Plants and animals living together in communities dont rub shoulders too closely because evolution has caused them to compromise on key life measures, say ecologists at Imperial College London and Royal Holloway, University of London, writing in the journal Science today (1 October).
The researchers suggest a new basis for explaining how communities of species assemble: they have to give up being good at everything and trade off their life histories. Life histories is ecological jargon for the important measures, shaped by evolution, such as how often you can reproduce; how many children you will have; how long you can live for; and crucially, how good you are at getting food on which to survive. "You cant be good at doing everything," says Dr Mike Bonsall, a Royal Society University Research Fellow working at Imperial College London, and first author of the paper. "Most people do one thing really well, another thing fairly well and then arent very good at anything else. So it is with any other species. Now we know that they coexist precisely because they each have different life histories."
The London researchers assembled a simple artificial community of parasitoid wasps within a computer model, and then watched what happened over very long periods of time - up to 100,000 generations. Parasitoid wasps, insects that kill other insects by laying eggs in them, account for a fifth of all known multi-celled species. Their 200,000 species places them approximately next to land plants in terms of diversity.
Tom Miller | alfa
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21.09.2017 | IMBA - Institut für Molekulare Biotechnologie der Österreichischen Akademie der Wissenschaften GmbH
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20.09.2017 | Max-Planck-Institut für Biochemie
Our brains house extremely complex neuronal circuits, whose detailed structures are still largely unknown. This is especially true for the so-called cerebral cortex of mammals, where among other things vision, thoughts or spatial orientation are being computed. Here the rules by which nerve cells are connected to each other are only partly understood. A team of scientists around Moritz Helmstaedter at the Frankfiurt Max Planck Institute for Brain Research and Helene Schmidt (Humboldt University in Berlin) have now discovered a surprisingly precise nerve cell connectivity pattern in the part of the cerebral cortex that is responsible for orienting the individual animal or human in space.
The researchers report online in Nature (Schmidt et al., 2017. Axonal synapse sorting in medial entorhinal cortex, DOI: 10.1038/nature24005) that synapses in...
Whispering gallery mode (WGM) resonators are used to make tiny micro-lasers, sensors, switches, routers and other devices. These tiny structures rely on a...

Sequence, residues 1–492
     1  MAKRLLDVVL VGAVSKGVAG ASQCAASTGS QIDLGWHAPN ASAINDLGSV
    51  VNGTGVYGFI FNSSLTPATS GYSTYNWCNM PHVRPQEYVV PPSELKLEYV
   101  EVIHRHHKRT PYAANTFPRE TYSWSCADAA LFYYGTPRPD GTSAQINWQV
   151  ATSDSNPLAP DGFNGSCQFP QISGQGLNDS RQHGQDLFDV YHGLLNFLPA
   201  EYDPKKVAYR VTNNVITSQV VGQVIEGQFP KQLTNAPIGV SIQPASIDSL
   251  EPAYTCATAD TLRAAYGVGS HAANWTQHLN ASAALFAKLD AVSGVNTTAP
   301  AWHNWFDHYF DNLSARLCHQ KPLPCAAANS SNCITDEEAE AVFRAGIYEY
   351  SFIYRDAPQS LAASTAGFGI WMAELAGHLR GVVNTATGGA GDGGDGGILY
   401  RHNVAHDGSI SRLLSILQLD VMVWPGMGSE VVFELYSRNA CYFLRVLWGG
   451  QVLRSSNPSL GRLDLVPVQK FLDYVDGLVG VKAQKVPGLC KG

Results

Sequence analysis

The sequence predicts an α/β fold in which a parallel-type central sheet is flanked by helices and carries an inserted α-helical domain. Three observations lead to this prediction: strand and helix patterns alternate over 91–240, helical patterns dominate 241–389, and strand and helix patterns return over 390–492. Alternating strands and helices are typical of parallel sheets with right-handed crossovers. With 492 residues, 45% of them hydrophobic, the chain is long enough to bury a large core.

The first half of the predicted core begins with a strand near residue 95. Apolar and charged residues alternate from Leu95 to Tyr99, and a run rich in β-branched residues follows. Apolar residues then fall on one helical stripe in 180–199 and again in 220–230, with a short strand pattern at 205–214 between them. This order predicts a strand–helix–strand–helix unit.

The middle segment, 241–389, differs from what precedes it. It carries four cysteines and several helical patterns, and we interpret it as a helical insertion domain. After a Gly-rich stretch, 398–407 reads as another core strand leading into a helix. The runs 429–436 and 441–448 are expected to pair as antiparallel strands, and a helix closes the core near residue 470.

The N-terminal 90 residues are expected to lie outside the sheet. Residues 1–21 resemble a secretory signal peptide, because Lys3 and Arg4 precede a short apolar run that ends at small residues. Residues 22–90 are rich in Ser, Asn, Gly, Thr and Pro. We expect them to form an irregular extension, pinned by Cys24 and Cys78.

Using ultrafast flashes of laser and x-ray radiation, scientists at the Max Planck Institute of Quantum Optics (Garching, Germany) took snapshots of the briefest electron motion inside a solid material to date. The electron motion lasted only 750 billionths of the billionth of a second before it fainted, setting a new record of human capability to capture ultrafast processes inside solids!
When x-rays shine onto solid materials or large molecules, an electron is pushed away from its original place near the nucleus of the atom, leaving a hole...
For the first time, physicists have successfully imaged spiral magnetic ordering in a multiferroic material. These materials are considered highly promising candidates for future data storage media. The researchers were able to prove their findings using unique quantum sensors that were developed at Basel University and that can analyze electromagnetic fields on the nanometer scale. The results – obtained by scientists from the University of Basel’s Department of Physics, the Swiss Nanoscience Institute, the University of Montpellier and several laboratories from University Paris-Saclay – were recently published in the journal Nature.
Multiferroics are materials that simultaneously react to electric and magnetic fields. These two properties are rarely found together, and their combined...
MBM ScienceBridge GmbH successfully negotiated a license agreement between University Medical Center Göttingen (UMG) and the biotech company Tissue Systems Holding GmbH about commercial use of a multi-well tissue plate for automated and reliable tissue engineering & drug testing.
MBM ScienceBridge GmbH successfully negotiated a license agreement between University Medical Center Göttingen (UMG) and the biotech company Tissue Systems...
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